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“The Monitor Is No More:” Honoring the Lost Men of USS Monitor

By on 10/12/2020

By Anna Gibson Holloway, PhD

Special Programs Team Leader, Histories Branch, Naval History and Heritage Command

In Section 46 of Arlington National Cemetery, there stands a simple monument engraved with sixteen names. Nestled near the Challenger, Columbia and Iran Rescue Mission monuments, this stone rests in the shadow of USS Maine’s mast, which dominates the landscape near Memorial Amphitheater. Beneath this unassuming stone marker is the final resting place of two unknown sailors from the Union ironclad ship, Monitor. Their journey from the Monitor wreck site off of North Carolina to Arlington spanned a century and a half, and they traveled halfway around the globe before finally being laid to rest here. Their story is as remarkable as the story of the ship in which they served.

USS Monitor was the brainchild of Swedish-American inventor John Ericsson. The U.S. Navy built Monitor in response to the Confederate threat of an ironclad vessel rising on the ways at Gosport Navy Yard in Portsmouth, Virginia in 1861. The Confederate ironclad ship, built upon the bones of the scuttled steam-screw frigate Merrimack, would ultimately bear the name CSS Virginia and would meet Monitor in a watery battlefield off of Hampton Roads, Virginia on March 9, 1862 in the first-ever battle between ironclad warships. Although the battle ended in a draw, it indicated that the future of naval warfare would be one of iron and steam and engineers. Neither vessel survived beyond 1862, however; the Virginia was scuttled by its own crew on May 11, 1862 as U.S. Army troops descended on Norfolk, Virginia. The explosion was felt for miles around. Monitor remained in Virginia, serving on the James River in support of General George McClellan’s failed Peninsular Campaign, until it was sent north to the Washington Navy Yard for much-needed repairs in the fall of 1862. There, the little ironclad was the talk of the town, and the streets around the Yard were jammed with carriages carrying men and women clamoring to see the vessel.

Sailors on deck of U.S.S. Monitor; cookstove at left. James River, Va. July 9, 1862. James F. Gibson, photographer. (Library of Congress)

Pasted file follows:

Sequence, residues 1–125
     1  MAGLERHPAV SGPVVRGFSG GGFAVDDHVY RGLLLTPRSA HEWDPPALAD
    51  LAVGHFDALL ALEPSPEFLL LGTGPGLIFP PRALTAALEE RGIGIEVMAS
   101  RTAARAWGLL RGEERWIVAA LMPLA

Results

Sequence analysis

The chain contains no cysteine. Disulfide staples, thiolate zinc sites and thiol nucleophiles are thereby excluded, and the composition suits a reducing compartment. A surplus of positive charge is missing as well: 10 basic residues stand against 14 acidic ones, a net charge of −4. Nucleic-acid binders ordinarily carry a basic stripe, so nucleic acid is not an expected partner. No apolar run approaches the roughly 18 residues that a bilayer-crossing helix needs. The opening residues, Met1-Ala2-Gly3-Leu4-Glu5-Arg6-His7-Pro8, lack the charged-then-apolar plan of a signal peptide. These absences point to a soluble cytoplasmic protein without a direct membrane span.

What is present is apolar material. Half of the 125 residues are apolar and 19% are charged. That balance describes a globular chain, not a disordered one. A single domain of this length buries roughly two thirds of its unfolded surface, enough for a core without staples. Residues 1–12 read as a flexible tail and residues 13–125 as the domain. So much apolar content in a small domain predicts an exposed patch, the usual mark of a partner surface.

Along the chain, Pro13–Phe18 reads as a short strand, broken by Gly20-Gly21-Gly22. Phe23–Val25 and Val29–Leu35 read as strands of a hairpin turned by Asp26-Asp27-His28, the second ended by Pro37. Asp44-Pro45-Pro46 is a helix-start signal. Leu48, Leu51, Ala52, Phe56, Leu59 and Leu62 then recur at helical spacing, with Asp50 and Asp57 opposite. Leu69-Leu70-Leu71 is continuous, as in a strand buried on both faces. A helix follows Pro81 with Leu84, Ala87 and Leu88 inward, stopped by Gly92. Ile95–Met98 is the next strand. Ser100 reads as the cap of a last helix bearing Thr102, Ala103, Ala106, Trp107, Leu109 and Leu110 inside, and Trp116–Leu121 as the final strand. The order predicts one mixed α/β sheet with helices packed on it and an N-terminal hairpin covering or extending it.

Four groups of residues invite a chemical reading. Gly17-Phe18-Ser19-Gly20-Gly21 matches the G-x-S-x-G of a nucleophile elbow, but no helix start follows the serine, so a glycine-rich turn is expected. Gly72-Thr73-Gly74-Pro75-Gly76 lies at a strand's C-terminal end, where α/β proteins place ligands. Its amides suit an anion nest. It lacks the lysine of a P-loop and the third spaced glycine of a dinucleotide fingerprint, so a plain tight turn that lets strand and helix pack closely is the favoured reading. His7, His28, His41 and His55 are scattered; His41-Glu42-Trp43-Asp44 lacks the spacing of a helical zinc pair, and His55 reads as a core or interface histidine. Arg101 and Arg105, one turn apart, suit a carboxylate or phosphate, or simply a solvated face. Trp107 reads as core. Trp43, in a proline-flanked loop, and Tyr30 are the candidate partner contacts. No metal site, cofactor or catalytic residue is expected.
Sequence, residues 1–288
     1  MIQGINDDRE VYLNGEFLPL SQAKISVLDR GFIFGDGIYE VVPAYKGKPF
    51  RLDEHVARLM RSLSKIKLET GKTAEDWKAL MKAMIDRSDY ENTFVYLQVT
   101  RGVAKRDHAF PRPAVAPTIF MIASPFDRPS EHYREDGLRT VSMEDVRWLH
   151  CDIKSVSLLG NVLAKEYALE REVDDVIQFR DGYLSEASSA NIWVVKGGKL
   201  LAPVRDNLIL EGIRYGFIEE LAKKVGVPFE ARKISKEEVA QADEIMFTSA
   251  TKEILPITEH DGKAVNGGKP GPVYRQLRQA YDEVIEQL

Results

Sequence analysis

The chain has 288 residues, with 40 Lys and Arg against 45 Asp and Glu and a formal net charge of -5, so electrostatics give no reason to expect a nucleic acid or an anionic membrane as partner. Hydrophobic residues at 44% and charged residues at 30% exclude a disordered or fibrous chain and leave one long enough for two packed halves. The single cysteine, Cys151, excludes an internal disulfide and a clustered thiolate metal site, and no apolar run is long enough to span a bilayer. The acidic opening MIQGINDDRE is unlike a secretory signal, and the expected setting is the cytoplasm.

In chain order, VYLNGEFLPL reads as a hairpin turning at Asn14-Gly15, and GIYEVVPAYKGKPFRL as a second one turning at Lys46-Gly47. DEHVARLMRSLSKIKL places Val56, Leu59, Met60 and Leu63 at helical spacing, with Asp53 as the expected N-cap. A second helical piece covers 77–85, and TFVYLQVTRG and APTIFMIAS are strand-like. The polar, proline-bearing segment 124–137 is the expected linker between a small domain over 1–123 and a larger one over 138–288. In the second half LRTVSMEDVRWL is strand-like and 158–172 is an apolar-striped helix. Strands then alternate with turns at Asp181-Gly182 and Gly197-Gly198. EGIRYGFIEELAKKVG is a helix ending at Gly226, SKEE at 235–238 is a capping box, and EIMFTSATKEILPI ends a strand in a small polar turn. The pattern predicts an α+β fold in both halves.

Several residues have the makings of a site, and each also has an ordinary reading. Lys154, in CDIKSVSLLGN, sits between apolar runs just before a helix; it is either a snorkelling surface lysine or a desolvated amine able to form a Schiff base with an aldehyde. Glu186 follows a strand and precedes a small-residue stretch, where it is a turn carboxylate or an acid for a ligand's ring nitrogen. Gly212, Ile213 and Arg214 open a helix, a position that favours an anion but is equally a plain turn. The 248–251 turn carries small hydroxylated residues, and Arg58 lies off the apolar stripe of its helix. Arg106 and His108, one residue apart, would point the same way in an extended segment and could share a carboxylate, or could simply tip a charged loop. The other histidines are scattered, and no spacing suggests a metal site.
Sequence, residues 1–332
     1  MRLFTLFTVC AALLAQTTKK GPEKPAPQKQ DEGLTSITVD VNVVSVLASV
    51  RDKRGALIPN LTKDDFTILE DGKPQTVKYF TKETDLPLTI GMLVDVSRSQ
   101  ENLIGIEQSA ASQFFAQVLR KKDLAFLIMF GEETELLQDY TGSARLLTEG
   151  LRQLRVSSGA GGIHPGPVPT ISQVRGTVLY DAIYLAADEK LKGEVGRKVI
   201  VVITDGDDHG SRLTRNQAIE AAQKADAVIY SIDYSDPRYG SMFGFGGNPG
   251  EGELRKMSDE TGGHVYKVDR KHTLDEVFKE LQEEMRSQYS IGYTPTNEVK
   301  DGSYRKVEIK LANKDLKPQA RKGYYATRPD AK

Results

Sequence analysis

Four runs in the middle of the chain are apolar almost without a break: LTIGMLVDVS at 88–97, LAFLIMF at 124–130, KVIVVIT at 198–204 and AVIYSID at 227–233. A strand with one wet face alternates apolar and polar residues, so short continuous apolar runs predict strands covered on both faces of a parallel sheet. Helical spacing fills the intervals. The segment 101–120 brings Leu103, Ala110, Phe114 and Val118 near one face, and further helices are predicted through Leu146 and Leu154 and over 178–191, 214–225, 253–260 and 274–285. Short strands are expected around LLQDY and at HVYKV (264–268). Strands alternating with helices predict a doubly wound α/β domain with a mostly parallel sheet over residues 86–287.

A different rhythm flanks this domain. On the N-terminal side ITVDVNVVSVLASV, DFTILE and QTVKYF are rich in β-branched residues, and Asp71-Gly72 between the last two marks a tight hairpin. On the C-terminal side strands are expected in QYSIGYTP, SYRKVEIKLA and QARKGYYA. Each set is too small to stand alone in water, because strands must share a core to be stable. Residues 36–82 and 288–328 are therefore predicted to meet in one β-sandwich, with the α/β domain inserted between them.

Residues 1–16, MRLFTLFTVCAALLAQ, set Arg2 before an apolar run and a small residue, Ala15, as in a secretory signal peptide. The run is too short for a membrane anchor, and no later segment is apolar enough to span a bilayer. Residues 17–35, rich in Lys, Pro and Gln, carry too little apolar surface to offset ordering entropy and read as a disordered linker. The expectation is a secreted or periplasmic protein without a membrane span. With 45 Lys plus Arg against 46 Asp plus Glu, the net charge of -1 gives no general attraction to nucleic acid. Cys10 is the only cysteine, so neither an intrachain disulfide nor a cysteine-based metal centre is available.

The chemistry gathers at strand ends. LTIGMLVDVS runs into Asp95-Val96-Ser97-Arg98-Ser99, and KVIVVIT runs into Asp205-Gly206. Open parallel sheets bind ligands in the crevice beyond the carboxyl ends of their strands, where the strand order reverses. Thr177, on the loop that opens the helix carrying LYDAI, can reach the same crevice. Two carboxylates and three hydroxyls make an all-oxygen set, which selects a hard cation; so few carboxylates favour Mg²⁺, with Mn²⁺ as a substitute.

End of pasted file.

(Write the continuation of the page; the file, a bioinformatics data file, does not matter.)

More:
On Christmas Eve 1862, Monitor was once again in Hampton Roads when it received orders to proceed to Beaufort, North Carolina to await further instruction. Its commanding officer, John Pine Bankhead, was exhorted to “Avail yourself of the first favorable weather for making the passage.” The immediate weather was less than favorable, so on Christmas Day, some of the “Monitor Boys” (as the crew proudly referred to themselves) were allowed ashore where they mixed, at first jovially and later angrily, with British sailors, also on shore leave. They were “on the best of terms till the parties got too much whiskey,” recalled Paymaster William Keeler. Upon their return to Monitor, “there seemed to be a sort of general mass, black eyes, bloody noses, & battered faces.”

On December 29, 1862, Monitor finally left Hampton Roads in tow of the sidewheel steamer Rhode Island. While the passage was initially calm, conditions deteriorated dramatically as they proceeded south. Just past midnight on December 31, 1862, approximately 16 miles off the coast of Cape Hatteras, North Carolina, the little ironclad succumbed to the waves and sank – taking four officers and twelve crew members to the bottom of the Atlantic. Survivors watched in horror from the deck of the Rhode Island. Paymaster William Keeler wrote forlornly, “The Monitor is no more…What the fire of the enemy failed to do, the elements have accomplished.”